Perseus and the Hesperides

 THE HESPERIDES were the goddesses of the evening and golden light of sunset. The three nymphs were daughters of either Nyx (Night) or the heaven-bearing Titan Atlas. They were entrusted with the care of the tree of the golden apples which was first presented to the goddess Hera by Gaia (Earth) on her wedding day. They were assisted in their task by a hundred-headed guardian drakon named Ladon. Herakles was sent to fetch the apples as one of his twelve labours, and upon slaying the serpent, stole the precious fruit. However, Athena later returned them to the Hesperides.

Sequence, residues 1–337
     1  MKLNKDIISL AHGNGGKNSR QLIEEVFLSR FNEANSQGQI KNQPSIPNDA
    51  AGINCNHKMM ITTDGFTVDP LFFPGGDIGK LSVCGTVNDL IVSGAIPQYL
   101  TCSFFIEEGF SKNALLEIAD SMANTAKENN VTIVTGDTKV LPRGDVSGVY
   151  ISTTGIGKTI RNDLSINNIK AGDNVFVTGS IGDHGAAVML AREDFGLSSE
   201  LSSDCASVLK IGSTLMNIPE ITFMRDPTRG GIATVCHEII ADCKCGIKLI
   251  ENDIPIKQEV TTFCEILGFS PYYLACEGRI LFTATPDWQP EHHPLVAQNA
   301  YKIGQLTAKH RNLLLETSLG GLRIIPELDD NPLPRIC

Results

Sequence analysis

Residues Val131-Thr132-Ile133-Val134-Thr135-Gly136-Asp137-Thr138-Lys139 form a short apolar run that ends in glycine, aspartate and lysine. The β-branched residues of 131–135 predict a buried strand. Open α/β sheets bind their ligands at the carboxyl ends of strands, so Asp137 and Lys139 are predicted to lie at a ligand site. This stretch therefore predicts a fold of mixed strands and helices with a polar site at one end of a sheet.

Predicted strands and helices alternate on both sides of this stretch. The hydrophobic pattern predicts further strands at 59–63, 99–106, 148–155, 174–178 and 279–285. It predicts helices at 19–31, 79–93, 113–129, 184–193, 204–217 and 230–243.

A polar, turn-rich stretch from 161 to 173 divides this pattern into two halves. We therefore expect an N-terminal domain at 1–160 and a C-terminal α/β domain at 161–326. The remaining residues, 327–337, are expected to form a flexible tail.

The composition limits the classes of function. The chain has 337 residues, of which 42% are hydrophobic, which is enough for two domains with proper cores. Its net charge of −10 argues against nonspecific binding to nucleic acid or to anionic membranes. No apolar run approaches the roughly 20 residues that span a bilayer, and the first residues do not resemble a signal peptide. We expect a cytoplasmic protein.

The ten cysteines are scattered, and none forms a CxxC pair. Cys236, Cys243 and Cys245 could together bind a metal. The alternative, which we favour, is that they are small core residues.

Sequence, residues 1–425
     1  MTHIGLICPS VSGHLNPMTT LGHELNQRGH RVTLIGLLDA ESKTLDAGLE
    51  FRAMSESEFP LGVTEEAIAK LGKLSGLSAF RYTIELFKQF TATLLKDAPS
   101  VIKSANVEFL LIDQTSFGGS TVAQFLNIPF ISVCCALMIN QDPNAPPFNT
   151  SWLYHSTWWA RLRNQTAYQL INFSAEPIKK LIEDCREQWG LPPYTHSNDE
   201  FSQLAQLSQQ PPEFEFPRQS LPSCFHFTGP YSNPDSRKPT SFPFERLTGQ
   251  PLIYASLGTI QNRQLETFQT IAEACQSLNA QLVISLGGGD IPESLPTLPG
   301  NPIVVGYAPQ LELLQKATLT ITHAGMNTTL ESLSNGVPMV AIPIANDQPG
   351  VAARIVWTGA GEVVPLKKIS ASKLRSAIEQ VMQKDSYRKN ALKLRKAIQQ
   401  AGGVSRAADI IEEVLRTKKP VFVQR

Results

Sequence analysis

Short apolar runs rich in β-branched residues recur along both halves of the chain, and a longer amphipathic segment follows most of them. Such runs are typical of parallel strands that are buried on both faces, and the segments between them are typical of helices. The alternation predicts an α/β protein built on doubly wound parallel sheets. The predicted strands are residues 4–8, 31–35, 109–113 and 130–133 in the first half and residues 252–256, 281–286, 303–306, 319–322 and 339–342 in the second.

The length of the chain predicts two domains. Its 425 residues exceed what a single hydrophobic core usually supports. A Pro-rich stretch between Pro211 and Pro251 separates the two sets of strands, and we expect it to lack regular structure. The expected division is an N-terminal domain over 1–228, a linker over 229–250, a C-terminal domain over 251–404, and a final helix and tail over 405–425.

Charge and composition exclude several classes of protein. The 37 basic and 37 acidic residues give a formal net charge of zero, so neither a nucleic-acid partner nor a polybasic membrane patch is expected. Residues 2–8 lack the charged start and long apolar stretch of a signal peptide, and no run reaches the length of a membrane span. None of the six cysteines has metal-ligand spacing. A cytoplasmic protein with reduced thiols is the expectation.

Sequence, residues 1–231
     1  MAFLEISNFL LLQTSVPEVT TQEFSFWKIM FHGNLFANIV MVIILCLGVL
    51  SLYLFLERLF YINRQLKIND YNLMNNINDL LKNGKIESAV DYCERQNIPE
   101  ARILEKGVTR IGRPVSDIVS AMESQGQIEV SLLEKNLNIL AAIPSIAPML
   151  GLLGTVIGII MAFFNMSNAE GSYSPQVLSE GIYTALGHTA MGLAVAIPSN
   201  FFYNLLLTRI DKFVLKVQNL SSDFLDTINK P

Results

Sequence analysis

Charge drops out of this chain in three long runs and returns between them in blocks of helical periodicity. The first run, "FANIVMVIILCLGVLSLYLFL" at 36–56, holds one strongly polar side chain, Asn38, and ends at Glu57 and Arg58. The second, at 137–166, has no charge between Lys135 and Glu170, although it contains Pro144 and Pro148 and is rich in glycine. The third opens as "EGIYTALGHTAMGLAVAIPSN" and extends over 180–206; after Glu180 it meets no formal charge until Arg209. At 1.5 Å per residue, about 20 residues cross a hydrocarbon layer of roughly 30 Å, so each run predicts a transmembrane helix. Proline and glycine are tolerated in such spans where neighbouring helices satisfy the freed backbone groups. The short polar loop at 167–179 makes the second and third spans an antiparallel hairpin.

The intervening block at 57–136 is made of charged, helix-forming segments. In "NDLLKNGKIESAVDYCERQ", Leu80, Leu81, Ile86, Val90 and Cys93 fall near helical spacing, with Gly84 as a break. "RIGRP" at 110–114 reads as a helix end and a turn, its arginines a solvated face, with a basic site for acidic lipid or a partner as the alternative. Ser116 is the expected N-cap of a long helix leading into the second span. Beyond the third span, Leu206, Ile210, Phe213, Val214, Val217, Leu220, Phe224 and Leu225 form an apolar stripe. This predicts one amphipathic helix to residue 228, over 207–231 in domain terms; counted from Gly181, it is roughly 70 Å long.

The Hesperides were also the keepers of other treasures of the god. Perseus obtained from the artifacts he required to slay the Gorgon Medusa.

The three nymphs and their golden apples were apparently regarded as the source of the golden light of sunset, a phenomena celebrating the bridal of the heavenly gods Zeus and Hera.

Detail of the three Hesperides, the tree of the Golden Apples and the coiling Drakon - British Museum, London, UK